Marion Barry dead: Understanding the mayor's chemical approach to politics.

Understanding Marion Barry's Chemical Approach to Politics

Understanding Marion Barry's Chemical Approach to Politics

Bringing out the dead.
Nov. 23 2014 3:32 PM

The Chemist

Understanding Marion Barry.

Marion Barry
In 1995, Marion Barry gets sworn in for his fourth term as mayor of Washington, D.C., as his wife Cora Masters Barry looks on.

Photo by ROBERT GIROUX/AFP/Getty Images

Marion Barry was a chemist. This was rarely noted, except around the time of his 1990 drug arrest, when critics liked to make wry comments about how expertly he handled crack cocaine. But Barry had earned a master’s in chemistry at Fisk University, and started a chemistry doctorate at the University of Tennessee—the only black student in both programs. When Barry became the first chairman of the Student Nonviolent Coordinating Committee, he was a student of chemistry.

David Plotz David Plotz

David Plotz is the CEO of Atlas Obscura and host of the Slate Political Gabfest.

The always and forever Mayor of Washington died on Sunday at age 78. Of course let us revel in the comic opera of crimes and near crimes. The tax evasion! The unpaid tickets! The various girlfriend scams! Ivanhoe Donaldson! Of course let us deplore the nasty racial grandstanding that defined the back half of his career. But it is chemistry that is the key to understanding Barry. He understood politics as a series of carefully calibrated reactions designed to produce a particular outcome. That outcome was always the same: electoral victory for Marion Barry.

Because he emerged from the civil rights movement—and because he had such a deep, hard family history—early Barry confederates tended to attribute to him the idealism of the movement, or at least the passion of it. When he moved to Washington, D.C., in the 1960s, he enraptured young liberals—both black and white—with his apparent fervor for liberating the city from colonial oppression. He led protests. He wore dashikis.

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But Barry had an essentially analytical relationship with his adopted city. I wrote my college thesis about Barry, and interviewed tons of people who met him in the 1970s as he built his political career. To a person, they talked about Barry’s obsession with the numbers—understanding voting and political relationships at a block-by-block level. He was looking to add those numbers up in a way that produced Election Day wins for himself.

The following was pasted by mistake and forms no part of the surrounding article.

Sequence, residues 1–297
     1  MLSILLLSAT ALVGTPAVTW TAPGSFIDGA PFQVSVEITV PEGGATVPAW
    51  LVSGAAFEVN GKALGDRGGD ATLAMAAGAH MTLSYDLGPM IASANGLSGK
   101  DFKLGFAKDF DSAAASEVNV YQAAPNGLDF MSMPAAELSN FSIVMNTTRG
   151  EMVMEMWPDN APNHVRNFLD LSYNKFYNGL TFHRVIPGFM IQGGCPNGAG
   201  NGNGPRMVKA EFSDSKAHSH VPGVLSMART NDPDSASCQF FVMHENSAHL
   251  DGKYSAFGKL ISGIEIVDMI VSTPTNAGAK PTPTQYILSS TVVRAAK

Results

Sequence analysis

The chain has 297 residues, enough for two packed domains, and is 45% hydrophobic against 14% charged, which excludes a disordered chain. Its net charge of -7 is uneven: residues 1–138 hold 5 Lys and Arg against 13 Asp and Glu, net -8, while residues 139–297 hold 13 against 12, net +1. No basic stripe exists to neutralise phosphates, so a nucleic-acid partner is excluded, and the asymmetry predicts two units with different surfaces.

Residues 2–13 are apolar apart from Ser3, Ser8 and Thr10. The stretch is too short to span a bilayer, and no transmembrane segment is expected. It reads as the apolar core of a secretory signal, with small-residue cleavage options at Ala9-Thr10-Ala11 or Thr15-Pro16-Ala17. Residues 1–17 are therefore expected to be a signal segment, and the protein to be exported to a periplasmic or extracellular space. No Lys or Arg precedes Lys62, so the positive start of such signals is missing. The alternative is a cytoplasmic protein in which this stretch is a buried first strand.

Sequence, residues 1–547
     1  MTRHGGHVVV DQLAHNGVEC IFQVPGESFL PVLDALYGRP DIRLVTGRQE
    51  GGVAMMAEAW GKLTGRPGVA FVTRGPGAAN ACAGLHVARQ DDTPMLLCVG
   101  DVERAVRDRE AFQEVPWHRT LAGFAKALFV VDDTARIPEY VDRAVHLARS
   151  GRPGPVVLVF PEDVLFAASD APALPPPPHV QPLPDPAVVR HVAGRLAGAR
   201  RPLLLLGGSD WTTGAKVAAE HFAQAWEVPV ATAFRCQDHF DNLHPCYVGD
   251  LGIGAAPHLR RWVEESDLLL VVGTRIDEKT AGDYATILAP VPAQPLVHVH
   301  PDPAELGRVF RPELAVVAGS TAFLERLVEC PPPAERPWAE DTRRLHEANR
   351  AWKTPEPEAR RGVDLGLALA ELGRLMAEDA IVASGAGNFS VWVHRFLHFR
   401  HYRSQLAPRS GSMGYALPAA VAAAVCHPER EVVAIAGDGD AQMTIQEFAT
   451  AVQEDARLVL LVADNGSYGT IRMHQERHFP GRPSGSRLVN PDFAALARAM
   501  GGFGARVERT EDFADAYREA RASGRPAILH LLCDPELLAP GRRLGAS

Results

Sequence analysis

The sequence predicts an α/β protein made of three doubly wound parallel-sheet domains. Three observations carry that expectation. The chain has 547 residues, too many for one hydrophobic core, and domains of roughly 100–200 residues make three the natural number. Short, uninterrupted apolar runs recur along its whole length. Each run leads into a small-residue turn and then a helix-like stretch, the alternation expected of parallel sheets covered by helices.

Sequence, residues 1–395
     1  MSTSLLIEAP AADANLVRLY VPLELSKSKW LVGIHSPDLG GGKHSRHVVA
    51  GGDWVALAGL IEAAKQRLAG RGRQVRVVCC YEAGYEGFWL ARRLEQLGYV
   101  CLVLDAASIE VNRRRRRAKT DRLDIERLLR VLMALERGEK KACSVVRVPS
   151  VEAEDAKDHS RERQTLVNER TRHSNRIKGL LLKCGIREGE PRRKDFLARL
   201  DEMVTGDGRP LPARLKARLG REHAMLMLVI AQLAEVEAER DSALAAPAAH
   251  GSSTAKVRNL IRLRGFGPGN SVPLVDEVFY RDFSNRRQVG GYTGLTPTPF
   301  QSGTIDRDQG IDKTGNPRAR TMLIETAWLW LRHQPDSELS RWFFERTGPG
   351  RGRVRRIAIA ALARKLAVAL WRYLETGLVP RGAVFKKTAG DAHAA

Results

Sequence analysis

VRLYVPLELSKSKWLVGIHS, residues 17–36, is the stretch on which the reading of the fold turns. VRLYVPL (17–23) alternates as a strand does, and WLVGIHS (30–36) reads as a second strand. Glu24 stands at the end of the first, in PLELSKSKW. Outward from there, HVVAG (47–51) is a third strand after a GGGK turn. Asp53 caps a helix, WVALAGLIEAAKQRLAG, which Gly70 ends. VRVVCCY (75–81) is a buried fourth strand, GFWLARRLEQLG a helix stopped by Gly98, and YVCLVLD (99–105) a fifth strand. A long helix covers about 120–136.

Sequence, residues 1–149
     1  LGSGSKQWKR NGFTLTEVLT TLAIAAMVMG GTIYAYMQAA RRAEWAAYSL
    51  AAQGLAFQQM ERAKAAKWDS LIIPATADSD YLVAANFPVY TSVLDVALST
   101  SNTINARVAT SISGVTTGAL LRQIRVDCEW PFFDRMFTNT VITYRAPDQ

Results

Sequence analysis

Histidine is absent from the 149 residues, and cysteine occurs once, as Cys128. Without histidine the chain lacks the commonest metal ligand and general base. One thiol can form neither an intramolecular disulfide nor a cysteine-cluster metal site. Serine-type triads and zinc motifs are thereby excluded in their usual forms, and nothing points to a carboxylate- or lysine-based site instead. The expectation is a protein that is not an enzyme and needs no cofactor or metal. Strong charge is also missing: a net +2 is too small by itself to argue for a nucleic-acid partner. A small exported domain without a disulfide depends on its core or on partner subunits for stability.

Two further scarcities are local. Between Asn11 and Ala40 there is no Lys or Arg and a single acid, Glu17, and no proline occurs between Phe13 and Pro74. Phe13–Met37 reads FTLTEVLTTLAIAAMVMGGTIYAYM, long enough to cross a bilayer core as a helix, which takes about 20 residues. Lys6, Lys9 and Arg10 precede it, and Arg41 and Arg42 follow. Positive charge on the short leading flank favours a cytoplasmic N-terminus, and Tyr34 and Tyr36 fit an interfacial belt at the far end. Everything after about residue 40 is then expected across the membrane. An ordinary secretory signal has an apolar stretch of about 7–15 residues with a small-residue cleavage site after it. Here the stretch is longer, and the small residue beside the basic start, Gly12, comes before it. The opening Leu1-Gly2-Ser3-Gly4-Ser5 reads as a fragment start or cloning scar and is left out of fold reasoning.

Barry won his first citywide election in 1971, earning a position on the D.C. school board. Three years later, he moved up to a spot on the D.C. council. In 1978, in his first run for mayor, he faced two admired, respected politicians of D.C.’s black establishment in the Democratic primary. The chemist pulled together a coalition of young white progressives, young blacks, and D.C.’s tiny number of Asians and Hispanics and gays, and snatched a plurality victory.

Once in office, he ditched that multiracial goo-goo coalition, as it was only sufficient to win a split Democratic primary, not to control the city. He looked at the numbers, and devised a new formula, adapting the machine politics practiced a generation earlier by Irish and Italian mayors. What better way to lock in a loyal voting base than with jobs? By Barry’s second term, D.C. had by far the largest city government in the United States per capita. He coupled a permanent bureaucracy with a massive summer jobs program for kids. When I interviewed Washingtonians in the 1990s about why they were still voting for Marion Barry, an astonishing number cited the summer job he gave them back in the 1970s.

When everything started to fall apart in the late 1980s—the corruption and the booze and the drugs—Barry’s chemical approach remained. He was caught red-handed smoking crack. To defend himself, he was willing to impugn the entire system of justice, successfully convincing several jurors not to convict him of most charges—despite overwhelming evidence—because of a biased prosecution. This was a huge triumph for Barry, but the rest of the city—and the justice system—paid the price for his cynical defense.

It was time for another formula. White voters were lost to him. So were most middle-class black voters. So Barry moved to the poorest region of the city, Ward 8, and helped himself to a seat on the D.C. council. His ambitions got smaller, but his particular expertise never changed. He ensconced himself in that Ward 8 council seat for the last 10 years of his life. He was ugly—ranting about Asian-American business owners and their “dirty shops,” and cynically opposing gay marriage, a cause he had supported decades earlier—but he protected his turf. Here is the greatest tribute possible to Marion Barry: By my count, he ran in 19 elections over four decades, facing vastly different electorates and vastly different circumstances, and he lost only once—and that single defeat came just a few weeks after he had been sentenced to federal prison.

Marion Barry won the prize of city government at the moment that cities began to slide, and before their recent revival. As a result, he left few tangible accomplishments. He inflicted on my city a bureaucracy that was too big, a mediocre police department, and horrid schools. Since the end of Barry’s ridiculous fourth mayoral term in January 1999, D.C.’s politicians have run away from him. Our mayoral candidates are competent, dreary, and technocratic. Unlike Barry, they seem more interested in governing their city than serving themselves. Marion Barry loomed over D.C. politics for 43 years, but there is no Barryism.